Although Lloyd was handicapped by offensive line play, he did greatly benefit from facing light fronts at one of the highest rates in the class (80.6%). But I’m not as worried about this with him as I am with Jaylen Wright (82.2%) because (unlike with Wright), Lloyd was still excellent against stacked boxes, averaging 4.57 YPC, which ranked behind only Braelon Allen, Trey Benson, and Blake Corum among all Power 5 RBs in this class.

That said, his raw volume and counting stats clearly left much to be desired.

Unlike some other RBs in the class, Lloyd was at least his team’s clear RB1 in his final season. His 11.7 touches per game seem low – especially in light of RB2 Austin Jones’ 5.92 yards per touch average – but his 50% share of the backfield touches wasn’t too far off of Corum (54%), Allen (53%), Estime (52%), and Benson (48%) in 2023. And so, I believe much of this can be explained away by USC’s top-10 pass rate.

But Lloyd also has two more major concerns we’ve yet to discuss:

  1. He displayed major fumbling issues in college, fumbling once every 35.9 career touches. For perspective, the FBS average is once every 96.3 touches. And Oregon RB Bucky Irving fumbled just once on 638 career touches.
  • More alarmingly, he’s probably the single most landing spot-dependent RB in this class. Lloyd was dramatically more efficient in man/gap rushing concepts throughout his career (7.1 YPC) than on zone runs (4.1 YPC). In fact, both his 4.1 YPC and 70.7 PFF rushing grade ranked worst in the class on zone runs. So, it appears crucial that he lands with a man/gap-heavy NFL team. This concern then gets amplified by how few ideal landing spots there actually are for him – only 8 NFL teams utilized man/gap rushing concepts over half of the time last year.

My model more or less hated Lloyd initially due to his pedestrian career-best 820 rushing yards through four collegiate seasons, which implies a lack of workhorse potential. But – given his hyper efficiency – it’s easy to see the upside. And in helping us to lean further into that, it’s important to note that:

  • He has ideal size (98th percentile BMI) and he crushed at the Combine, recording a 91.0 SPORQ Score (RB3), while also flashing the sort of explosive traits that also show up in the numbers.

  • Brett Whitefield was blown away by the tape, giving Lloyd the 2nd-best film score in the class (79.0).

  • Lloyd impressed at the Senior Bowl, being voted as the National Team’s top RB.

I think we still have to admit Lloyd has questionable bell-cow or pass-catching upside, given his lack of target volume throughout his college career (career-high 18 receptions in 2022). And so – with a capped fantasy ceiling – he’s still not quite a player I’m all that excited to draft. But I did end up liking him more than I ever expected to.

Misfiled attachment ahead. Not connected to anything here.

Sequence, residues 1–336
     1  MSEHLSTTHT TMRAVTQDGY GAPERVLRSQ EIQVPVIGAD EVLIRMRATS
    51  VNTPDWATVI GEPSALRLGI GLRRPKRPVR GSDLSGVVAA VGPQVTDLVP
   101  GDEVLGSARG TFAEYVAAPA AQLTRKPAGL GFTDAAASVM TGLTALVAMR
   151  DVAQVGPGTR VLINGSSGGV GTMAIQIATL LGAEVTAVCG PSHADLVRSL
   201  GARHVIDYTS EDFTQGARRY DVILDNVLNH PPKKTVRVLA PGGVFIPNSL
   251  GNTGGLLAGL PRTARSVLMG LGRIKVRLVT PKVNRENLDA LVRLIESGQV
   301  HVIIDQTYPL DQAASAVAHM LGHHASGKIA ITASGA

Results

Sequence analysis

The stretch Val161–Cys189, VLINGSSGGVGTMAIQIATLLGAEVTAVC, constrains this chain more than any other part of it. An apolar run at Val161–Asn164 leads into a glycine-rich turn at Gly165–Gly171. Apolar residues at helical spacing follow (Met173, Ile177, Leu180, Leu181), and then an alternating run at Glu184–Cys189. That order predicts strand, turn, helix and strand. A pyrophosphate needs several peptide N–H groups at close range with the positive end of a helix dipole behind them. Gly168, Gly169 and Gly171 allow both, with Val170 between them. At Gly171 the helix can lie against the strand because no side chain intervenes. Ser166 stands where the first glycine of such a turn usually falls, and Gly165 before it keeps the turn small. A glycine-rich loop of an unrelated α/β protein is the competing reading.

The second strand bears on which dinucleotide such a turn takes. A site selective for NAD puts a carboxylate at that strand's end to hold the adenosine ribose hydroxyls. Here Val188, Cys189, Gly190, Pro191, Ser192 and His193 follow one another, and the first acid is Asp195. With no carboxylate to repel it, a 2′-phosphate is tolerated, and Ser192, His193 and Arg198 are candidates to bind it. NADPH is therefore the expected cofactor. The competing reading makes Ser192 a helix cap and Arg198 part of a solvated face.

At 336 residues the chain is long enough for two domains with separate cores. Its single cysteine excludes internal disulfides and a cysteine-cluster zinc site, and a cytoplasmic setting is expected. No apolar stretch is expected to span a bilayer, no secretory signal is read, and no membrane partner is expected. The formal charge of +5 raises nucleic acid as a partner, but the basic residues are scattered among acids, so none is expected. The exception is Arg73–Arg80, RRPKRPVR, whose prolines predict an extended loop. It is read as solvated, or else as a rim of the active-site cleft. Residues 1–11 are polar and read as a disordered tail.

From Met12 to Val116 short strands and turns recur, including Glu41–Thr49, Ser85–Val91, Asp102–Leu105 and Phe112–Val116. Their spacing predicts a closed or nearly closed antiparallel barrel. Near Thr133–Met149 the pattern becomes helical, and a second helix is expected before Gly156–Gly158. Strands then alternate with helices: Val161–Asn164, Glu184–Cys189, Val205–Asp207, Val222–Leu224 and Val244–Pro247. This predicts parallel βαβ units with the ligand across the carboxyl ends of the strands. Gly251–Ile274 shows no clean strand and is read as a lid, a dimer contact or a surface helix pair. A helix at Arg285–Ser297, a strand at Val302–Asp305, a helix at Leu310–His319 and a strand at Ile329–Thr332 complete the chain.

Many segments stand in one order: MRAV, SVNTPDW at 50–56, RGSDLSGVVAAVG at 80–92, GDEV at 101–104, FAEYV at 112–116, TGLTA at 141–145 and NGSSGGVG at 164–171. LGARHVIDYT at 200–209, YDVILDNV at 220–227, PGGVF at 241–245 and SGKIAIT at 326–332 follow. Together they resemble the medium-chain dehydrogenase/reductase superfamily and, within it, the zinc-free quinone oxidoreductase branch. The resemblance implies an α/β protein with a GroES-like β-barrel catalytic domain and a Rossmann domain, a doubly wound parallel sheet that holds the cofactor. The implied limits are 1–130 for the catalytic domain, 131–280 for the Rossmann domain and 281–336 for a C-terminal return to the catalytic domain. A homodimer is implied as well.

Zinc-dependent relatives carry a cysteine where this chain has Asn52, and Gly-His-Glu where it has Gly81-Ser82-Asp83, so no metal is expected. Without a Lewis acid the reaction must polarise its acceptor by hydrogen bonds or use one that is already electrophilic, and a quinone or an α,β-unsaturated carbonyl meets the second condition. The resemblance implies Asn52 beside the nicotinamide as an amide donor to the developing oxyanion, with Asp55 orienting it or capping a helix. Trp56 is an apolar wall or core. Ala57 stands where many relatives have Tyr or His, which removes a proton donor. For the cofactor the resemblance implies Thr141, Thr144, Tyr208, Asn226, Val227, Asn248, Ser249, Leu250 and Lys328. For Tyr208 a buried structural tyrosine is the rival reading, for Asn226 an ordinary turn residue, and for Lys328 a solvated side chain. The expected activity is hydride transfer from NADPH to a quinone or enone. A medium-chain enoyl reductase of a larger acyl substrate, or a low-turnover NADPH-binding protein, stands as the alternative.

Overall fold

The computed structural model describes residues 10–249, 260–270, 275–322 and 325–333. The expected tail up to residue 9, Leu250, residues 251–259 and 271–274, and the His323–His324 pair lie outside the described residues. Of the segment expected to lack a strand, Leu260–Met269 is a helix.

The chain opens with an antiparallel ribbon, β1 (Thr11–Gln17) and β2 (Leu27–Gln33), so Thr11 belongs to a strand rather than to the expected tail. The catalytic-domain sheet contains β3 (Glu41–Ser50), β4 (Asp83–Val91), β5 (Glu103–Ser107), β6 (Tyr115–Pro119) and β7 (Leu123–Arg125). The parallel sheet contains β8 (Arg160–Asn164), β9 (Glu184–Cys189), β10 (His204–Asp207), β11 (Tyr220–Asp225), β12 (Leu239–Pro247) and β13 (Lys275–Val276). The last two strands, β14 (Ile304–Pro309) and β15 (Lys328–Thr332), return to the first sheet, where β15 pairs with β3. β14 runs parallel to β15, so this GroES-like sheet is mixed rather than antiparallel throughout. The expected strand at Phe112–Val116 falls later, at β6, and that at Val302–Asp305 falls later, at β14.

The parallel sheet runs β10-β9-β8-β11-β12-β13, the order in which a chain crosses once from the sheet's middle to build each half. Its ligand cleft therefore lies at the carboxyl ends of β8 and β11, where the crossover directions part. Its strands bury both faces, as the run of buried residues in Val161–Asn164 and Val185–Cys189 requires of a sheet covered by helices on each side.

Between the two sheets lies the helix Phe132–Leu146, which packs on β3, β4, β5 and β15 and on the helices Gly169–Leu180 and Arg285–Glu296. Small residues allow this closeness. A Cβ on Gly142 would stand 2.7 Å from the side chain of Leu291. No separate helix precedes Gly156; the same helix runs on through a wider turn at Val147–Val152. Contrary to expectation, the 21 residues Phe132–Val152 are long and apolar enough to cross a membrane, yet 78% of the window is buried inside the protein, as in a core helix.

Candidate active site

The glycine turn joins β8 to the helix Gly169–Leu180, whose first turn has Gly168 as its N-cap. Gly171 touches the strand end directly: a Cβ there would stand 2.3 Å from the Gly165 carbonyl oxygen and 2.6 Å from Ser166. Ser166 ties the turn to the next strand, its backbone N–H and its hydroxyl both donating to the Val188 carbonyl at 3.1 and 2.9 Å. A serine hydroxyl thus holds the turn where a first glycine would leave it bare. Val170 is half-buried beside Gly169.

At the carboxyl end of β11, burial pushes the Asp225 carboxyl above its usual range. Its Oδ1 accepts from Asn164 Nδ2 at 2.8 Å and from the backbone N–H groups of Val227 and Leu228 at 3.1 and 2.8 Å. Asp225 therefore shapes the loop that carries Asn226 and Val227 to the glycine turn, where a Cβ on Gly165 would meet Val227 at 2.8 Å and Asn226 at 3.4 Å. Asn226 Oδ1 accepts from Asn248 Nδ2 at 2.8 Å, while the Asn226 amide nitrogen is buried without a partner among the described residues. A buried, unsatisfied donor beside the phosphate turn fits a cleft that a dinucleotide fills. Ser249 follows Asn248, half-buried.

5. Audric Estime, RB, Notre Dame Fighting Irish

Height: 5-11, Weight: 221 lbs, 40-yard-dash: 4.72

SPORQ: 32.1, Former: 4-star, Age: 20.7 (2nd-youngest)

Proj. Draft Capital: Round 4 (RB7)

Brett Whitefield Film Score: 75.1 (RB9)

From Sports Reference

Estime barely saw the field as a true freshman, playing behind Kyren Williams. As a sophomore, he led the backfield in YFS (but not touches). In his third and final season, he set a Notre Dame record in rushing touchdowns and led the FBS (min. 200 carries) in YPC (6.39).

That’s pretty great. But what’s most impressive is how these numbers fare in comparison to Pro Bowl RB Kyren Williams’ junior season just two years earlier – Estime had 6 additional carries, 339 more rushing yards, and 4 more rushing touchdowns in the same number of games.

Although Estime was dramatically more efficient than Williams (6.4 YPC vs. 4.9), that doesn’t necessarily mean these numbers were elite — Kyren Williams was a fifth-round pick for a reason. We should also note that Williams was still dramatically more involved and more effective in the passing game.

That said, Estime’s numbers are still quite excellent. Among all Day 1-2 RB seasons since 2014, Estime’s 2023 season ranked in the 86th percentile by yards after contact per attempt, in the 72nd percentile by missed tackles forced per touch, and in the 65th percentile by YPRR. His 10.7 career YPT average is tied for best in the class.

Although Estime did benefit from a top-15 offensive line throughout his career (thanks, Joe Alt!), Notre Dame’s offensive line was similarly elite throughout Williams’ tenure.[13] And, in contrast to all other RBs in this class, Estime was massively disadvantaged by usage (enough to more than fully negate any offensive line advantage). As we’ll discuss in more detail in our next section with Braelon Allen, Estime faced stacked boxes at the 2nd-highest rate in the class, and then easily led the class in box-adjusted-YPC throughout his career.